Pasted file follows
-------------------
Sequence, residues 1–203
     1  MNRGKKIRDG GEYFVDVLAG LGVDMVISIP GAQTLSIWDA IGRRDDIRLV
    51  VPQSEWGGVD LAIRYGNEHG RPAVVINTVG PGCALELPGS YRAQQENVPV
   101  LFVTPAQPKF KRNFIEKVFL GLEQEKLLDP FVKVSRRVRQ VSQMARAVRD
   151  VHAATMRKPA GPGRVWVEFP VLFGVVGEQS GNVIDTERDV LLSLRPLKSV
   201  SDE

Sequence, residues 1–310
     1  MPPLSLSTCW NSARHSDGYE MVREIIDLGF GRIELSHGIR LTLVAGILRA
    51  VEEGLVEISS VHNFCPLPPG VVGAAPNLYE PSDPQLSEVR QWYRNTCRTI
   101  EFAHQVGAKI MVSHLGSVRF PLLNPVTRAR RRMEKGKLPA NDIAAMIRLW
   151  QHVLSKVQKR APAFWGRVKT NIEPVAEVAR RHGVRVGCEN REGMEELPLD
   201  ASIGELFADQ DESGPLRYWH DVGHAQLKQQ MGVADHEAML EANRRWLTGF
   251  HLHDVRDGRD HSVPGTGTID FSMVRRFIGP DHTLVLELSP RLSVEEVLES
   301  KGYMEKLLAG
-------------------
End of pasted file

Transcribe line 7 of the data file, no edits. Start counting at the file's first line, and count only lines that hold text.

Sequence, residues 1–310